Now That’s What I Call Films – 2012!

Before I started writing this, I read back over my 2011 list – incidentally, the last blog post on here due to extreme laziness and no longer living alone with a lot of time to kill and wine to drink – to remind myself how much I wrote, in what “style” etc. in case this would inspire me.

It didn’t. It frightened me a little. Damn, I wrote quite a lot, and tried to make it funny! …but hey, you don’t come here for consistency. You come here because either a) You’re bored b) I harass you into it on Twitter c) You love me a little bit.

Hopefully there will be something here to cater for you, however many of the above categories you belong in, but if not then don’t worry, it won’t take long and will be generally painless. 

As the actress said to the bishop. 

So, here goes – my films of 2012, in no particular order, and probably with numerous revisions between now (Dec 24th) and whenever the hell I get around to publishing it. If I can remember the password to my blog. 

 

A Horrible Way To Die 

Darling, I'm home! ...oh, you've killed everyone.

Darling, I’m home! …oh, you’ve killed everyone.

 

Probably the “smallest” film on the list, this one really worked for me. There’s a great atmosphere throughout, one of those films where you just feel that something nasty is coming, but are not 100% sure what or to who. There are great performances across the board, but AJ Bowen is a stand out for me. The direction is also notable, Adam Wingard clearly has (or at least employs here) a style with which he is comfortable, giving it a less polished sheen than many would have done with such a film, which adds to the feeling of authenticity.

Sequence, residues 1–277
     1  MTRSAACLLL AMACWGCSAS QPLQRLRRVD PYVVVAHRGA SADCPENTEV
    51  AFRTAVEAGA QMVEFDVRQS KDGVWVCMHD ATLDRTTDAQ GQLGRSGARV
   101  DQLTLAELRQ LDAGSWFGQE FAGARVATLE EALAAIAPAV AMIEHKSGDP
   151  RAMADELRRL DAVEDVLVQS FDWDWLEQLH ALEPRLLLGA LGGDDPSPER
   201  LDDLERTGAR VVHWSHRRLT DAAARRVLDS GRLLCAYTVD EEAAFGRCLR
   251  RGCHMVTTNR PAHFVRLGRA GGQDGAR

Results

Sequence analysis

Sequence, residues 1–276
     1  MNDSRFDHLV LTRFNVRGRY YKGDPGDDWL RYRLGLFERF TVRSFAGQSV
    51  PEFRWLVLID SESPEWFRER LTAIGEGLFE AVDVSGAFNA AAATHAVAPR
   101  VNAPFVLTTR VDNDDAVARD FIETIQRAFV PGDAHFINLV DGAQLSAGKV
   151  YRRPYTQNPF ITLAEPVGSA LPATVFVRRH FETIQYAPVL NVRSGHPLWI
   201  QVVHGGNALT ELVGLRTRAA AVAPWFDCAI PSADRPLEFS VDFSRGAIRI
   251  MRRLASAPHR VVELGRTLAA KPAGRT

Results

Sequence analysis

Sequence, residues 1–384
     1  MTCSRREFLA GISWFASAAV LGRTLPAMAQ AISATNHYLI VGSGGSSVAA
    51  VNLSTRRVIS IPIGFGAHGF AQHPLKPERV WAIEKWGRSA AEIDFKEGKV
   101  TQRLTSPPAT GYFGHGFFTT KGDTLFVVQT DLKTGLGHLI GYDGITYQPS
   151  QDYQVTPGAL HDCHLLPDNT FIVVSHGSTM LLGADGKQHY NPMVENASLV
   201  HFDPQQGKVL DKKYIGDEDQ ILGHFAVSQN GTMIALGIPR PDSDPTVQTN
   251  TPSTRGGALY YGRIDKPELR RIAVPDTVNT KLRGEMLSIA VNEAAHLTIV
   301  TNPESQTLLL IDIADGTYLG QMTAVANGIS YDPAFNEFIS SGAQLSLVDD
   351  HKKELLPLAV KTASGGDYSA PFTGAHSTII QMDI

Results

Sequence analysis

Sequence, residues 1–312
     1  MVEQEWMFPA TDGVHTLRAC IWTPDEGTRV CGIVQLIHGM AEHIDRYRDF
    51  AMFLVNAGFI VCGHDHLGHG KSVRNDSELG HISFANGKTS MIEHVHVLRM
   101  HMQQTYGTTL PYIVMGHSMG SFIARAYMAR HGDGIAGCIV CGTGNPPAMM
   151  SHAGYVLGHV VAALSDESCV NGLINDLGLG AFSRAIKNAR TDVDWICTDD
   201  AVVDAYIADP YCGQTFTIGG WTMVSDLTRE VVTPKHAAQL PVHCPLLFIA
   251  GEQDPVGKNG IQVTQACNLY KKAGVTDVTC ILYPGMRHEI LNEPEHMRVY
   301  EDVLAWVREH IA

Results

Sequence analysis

This is probably one of those “is it a horror?” films, akin to Red, White and Blue on last year’s list, but that’s a debate for which I don’t have time here, suffice to say that The Daily Mail probably wouldn’t like it and that’s generally a good yard stick… 

If you haven’t seen this I highly recommend it. It’s not really a feel good have a few beers with friends film, but it’s one to which I have returned and will no doubt do so again. 

 

The Aggression Scale 

Leland and Jason discuss their plans

Leland and Jason discuss their plans

Another film that I have seen twice this year, and one to which I’m glad I returned recently. I saw this in the early part of the year and noted it as “list worthy” at the time, but as the list grew some of those I had seen many months ago started to fade – from memory as much as anything else. Thankfully I re-watched this in November, and remembered why it’s on here. 

Fairly low budget, cast sprinkled with Twin Peaks alumni, simple home invasion / revenge setup. Sounds a bit “meh?” Well yes. Yes it does. But it isn’t. Hooray! It’s actually a fun, violent, fast moving watch, and one that really gets the blood pumping. It’s by no means perfect, but it’s definitely worth checking out. 

As part of my research into this article i.e. going on imdb while writing it, I discovered that this is directed by the guy who did Automaton Transfusion all those (5 or 6) years ago. Whilst from memory that was quite a fun film, this is an altogether different beast i.e. there are no zombies or scenes of limb lopping. That said, there are squirmy violent moments which will make you go “Ow” or “Ooh”, depending on your proclivity. …and it did make me want to watch Twin Peaks again. 

 

Avengers Assemble

I'm in the woods, where's the cabin?

I’m in the woods, where’s the cabin?

On to a slightly larger, more aggressively marketed film that I imagine you are aware of. I tend to see most of the “tentpole” Summer releases (Oo-er, sounds a bit rude) at what passes for a cinema here, and I think this was the first biggie of 2012. 

And it was fucking great.

I’m not a superhero fanboy or ubernerd with these things, but I’d watched and enjoyed all of the Marvel films building up to this one and was, like most people, curious as to whether or not it would work. The happy news is that it most certainly does, and was one of the funniest films I saw in the cinema this year. I think this is what raised it up into this list for me, as we’ve all seen enormous “smashy smashy look at the shiny things and money on the screen” hundreds of times, but funny, well-written, and well acted? Luxuries!